This high level of cognitive involvement with

study use the Model Elaboration Likelihood (ELM) developed by two Social
Psychologists Richard E Petty and John T. Cacioppo expert from Ohio State
University US, in 1980. Based on this model, there are two types of processes
namely Central and Peripheral. Both processes are effective to persuade the
audience to change attitudes and behaviors, but they occur in two different
contexts or situations. The Central process occurs when individuals are at a
high level of cognitive involvement with high thinking and knowledge about an
issue. Peripheral processes occur when individuals are at a low level of
cognitive involvement, a high degree of affective involvement and accompanied
by a lack of level of thinking and knowledge.


and Welbourne (2002) state that in the central process, individuals usually
have high levels of knowledge, motivation and interest in issues. For example,
when a person has high information on an issue it is an impulse for the
individual to judge in detail the message received is also high. This process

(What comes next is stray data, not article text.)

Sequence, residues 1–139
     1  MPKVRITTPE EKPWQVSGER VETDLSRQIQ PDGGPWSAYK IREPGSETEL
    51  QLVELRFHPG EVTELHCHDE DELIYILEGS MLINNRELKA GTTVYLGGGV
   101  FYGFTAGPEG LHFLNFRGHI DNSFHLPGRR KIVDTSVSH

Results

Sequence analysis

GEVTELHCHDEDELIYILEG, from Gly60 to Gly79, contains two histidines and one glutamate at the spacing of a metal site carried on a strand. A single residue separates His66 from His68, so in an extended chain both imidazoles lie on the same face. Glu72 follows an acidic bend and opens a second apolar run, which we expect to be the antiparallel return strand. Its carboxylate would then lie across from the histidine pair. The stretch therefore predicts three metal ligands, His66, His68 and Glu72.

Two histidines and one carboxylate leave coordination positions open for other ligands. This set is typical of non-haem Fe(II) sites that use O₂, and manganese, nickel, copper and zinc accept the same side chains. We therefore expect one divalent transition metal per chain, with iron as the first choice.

is categorized as a central process. When the individual has little information
about the issue and is less interested in the issue, the level of motivation to
deeply assess the receiving message is decreasing. The process of persuading is
categorized as a peripheral process.

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according to Bryant and Oliver (2009), a central process occurs when a memorial
message involves a very close or important issue to the recipient of the
message. When the issue is important to the recipient of the message, the
individual will act with attention in evaluating the information obtained. In
addition, the individual will think repeatedly about the messages received. The
peripheral process occurs when the issue being addressed is not important to
the person receiving the message. Hence, indirectly, the individual is less
attention to think of a received message. Itself influenced by secondary
factors, such as source credibility, visual appeal, presentation, and
enticements like food, sex, and humor. Attitudes formed or reinforced this way
are thought to be less continuing, subject to change through counter-arguments,
and in need of continual reinforcement.